The $139 billion remaining from 2020’s Round 2 now has been added to a new $145 billion for a total $284 billion in PPP loans as of January 2021.

From Jan. 11-14, the first $15 billion of this third tranche was earmarked for community development financial institutions (CDFI), minority-owned banks and those owned by women and veterans.

“They (federal financial authorities) really wanted to make sure the underserved areas got attention this time,” Cassady said.

On Jan. 15, banks with assets under $1 billion got involved, and on Jan. 19 the round was open to all financial institutions. As of Feb. 7, Kentucky bankers had made 19,500 loans for $1.12 billion.

Here is what a variety of banks say they did for Kentucky small business in the past year.

Fifth Third Bank
Founded in 1858 and headquartered in Cincinnati, Fifth Third operates 49 banking centers in Kentucky and 1,085 more in 10 other states. The bank offered several COVID hardship programs for business owners, including a range of loan modification options, deferring some payments for up to 90 days and refunding select fees. Within the first three weeks of Round 3, Fifth Third funded $21 million in PPP loans in Kentucky for 188 businesses.

“We have invested a considerable amount of time, energy and expense diligently working to maintain technology solutions that help customers automate and streamline the PPP process in order to minimize the time from application to funding. This also helps clients with the forgiveness process,” said Mary-Alicha Weldon, senior vice president, market president Lexington.

City National Bank has 96 branches in Kentucky, West Virginia, Virginia and Ohio. At the onset of the pandemic, City National offered extensions on loan payments, waived overdraft fees, increased supplies of personal protective equipment (PPE)—ordering locally when possible—and bought lunch weekly for employees from local restaurants.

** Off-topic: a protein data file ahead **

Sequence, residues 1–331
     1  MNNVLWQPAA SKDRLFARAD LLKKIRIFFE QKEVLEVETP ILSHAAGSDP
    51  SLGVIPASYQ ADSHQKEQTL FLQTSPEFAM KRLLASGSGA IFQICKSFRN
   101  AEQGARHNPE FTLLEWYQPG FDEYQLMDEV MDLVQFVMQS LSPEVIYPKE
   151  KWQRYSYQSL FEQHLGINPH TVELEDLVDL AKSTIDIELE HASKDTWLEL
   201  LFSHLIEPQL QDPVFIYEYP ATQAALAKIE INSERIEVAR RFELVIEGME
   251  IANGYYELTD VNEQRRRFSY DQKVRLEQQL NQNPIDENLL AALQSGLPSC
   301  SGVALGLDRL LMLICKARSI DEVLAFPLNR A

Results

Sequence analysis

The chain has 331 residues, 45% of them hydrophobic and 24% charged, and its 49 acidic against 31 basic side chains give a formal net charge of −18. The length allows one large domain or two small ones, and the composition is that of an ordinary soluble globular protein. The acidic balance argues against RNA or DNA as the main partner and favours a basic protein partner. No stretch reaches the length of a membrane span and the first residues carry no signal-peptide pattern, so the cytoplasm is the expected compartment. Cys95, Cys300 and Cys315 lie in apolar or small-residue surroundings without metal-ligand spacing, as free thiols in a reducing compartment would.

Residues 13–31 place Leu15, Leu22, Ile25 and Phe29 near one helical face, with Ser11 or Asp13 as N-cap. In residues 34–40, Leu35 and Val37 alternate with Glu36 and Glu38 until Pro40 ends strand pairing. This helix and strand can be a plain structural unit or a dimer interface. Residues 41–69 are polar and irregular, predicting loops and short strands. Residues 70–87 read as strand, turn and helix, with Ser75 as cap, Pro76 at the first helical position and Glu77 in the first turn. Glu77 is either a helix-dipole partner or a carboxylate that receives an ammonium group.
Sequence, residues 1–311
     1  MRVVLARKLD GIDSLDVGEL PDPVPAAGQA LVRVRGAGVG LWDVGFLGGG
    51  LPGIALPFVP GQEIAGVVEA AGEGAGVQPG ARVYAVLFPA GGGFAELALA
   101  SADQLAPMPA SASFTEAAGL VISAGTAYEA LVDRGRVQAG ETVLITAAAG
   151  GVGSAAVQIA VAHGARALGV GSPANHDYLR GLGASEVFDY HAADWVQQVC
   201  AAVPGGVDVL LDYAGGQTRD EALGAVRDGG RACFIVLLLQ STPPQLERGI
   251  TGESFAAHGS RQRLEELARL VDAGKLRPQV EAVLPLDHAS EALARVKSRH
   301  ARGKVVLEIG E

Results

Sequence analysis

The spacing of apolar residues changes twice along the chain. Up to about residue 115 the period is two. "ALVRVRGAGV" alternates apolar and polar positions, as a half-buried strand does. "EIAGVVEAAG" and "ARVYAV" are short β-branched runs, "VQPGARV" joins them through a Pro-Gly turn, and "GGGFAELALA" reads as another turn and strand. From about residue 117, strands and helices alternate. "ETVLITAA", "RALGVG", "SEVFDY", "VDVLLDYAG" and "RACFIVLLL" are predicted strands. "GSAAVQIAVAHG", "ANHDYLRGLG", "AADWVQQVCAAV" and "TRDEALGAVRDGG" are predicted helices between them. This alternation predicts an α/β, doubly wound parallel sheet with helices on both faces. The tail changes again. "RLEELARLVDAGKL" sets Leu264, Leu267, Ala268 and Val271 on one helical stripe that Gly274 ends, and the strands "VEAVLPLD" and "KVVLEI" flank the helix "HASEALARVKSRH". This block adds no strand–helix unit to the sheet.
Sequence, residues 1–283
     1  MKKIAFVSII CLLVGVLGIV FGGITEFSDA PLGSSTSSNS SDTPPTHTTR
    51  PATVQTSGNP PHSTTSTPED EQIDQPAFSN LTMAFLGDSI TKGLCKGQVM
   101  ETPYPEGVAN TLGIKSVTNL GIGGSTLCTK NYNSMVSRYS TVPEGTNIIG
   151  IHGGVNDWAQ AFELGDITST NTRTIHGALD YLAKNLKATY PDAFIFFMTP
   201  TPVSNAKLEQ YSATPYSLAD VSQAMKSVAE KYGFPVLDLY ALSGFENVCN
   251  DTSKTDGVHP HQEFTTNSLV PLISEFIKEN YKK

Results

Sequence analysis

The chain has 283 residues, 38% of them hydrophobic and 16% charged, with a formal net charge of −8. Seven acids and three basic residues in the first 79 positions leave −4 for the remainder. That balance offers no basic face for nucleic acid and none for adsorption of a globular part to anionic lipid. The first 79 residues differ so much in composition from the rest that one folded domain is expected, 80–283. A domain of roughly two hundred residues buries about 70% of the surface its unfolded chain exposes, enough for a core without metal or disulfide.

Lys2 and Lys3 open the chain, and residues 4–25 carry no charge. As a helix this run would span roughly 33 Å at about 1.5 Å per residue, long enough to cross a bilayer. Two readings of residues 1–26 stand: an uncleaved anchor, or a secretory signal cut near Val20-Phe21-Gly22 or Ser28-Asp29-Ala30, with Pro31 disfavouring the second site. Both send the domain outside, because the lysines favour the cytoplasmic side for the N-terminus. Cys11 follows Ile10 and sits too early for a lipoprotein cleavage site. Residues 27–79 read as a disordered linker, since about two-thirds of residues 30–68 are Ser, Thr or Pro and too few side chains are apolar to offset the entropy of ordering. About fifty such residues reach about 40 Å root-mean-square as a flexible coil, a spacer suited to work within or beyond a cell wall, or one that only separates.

“The PPP loans have been very beneficial to our small businesses. Some would not have survived without these loans,” said Lori Cooksey, Kentucky region manager and first vice president. “Small-business owners are the backbone of our communities in Kentucky, providing jobs, innovative products/services and contributing to the overall well-being of our citizens. Small businesses are resilient and run by dedicated people who got where they are by sweat, hard work and creativity. We need them.”

Headquartered in Frankfort, Commonwealth Credit Union helped members during the pandemic by allocating $5 million for a program that funded 1,286 loans and over 5,500 loan payment deferrals. “I wanted our members to know that we were focused on their health and well-being, including their financial well-being,” said President and CEO Karen Harbin. “On top of that, we offered members the option to skip up to three months of payments on any and all loans they had with us, and we even extended that to our mortgage products.”

Founded in 1972 in Monroe County and still solely owned by the Bale family, South Central Bank has 28 locations in Kentucky and Tennessee. Over the past year, South Central has worked with regulators on practical ways to adjust services for customers, such as partial or complete payment deferrals. The bank also ramped up its SBA Lending Department. “We recognize and understand that the pandemic has caused significant disruption to our borrower’s cash flow and balance sheets, and it may take some time to fully understand how much damage has been created to our economy and industries,” said President and CEO Tommy Ross. “Our long-term goal is to have an effective SBA Department that can navigate these programs to provide resources to our customers and communities.”